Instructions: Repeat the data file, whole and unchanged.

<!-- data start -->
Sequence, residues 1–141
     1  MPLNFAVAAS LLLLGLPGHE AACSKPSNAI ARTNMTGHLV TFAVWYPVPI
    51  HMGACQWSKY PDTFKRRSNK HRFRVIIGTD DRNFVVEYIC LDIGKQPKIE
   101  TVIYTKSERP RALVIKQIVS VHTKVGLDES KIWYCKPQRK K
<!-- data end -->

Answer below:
Sequence, residues 1–141
     1  MPLNFAVAAS LLLLGLPGHE AACSKPSNAI ARTNMTGHLV TFAVWYPVPI
    51  HMGACQWSKY PDTFKRRSNK HRFRVIIGTD DRNFVVEYIC LDIGKQPKIE
   101  TVIYTKSERP RALVIKQIVS VHTKVGLDES KIWYCKPQRK K